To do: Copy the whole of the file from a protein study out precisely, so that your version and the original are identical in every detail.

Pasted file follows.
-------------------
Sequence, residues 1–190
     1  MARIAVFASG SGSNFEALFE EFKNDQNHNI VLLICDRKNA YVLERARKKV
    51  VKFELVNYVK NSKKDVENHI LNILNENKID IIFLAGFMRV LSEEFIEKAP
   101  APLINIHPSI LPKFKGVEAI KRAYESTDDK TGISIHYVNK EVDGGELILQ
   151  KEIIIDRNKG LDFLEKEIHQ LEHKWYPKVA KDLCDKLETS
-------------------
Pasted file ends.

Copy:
Sequence, residues 1–190
     1  MARIAVFASG SGSNFEALFE EFKNDQNHNI VLLICDRKNA YVLERARKKV
    51  VKFELVNYVK NSKKDVENHI LNILNENKID IIFLAGFMRV LSEEFIEKAP
   101  APLINIHPSI LPKFKGVEAI KRAYESTDDK TGISIHYVNK EVDGGELILQ
   151  KEIIIDRNKG LDFLEKEIHQ LEHKWYPKVA KDLCDKLETS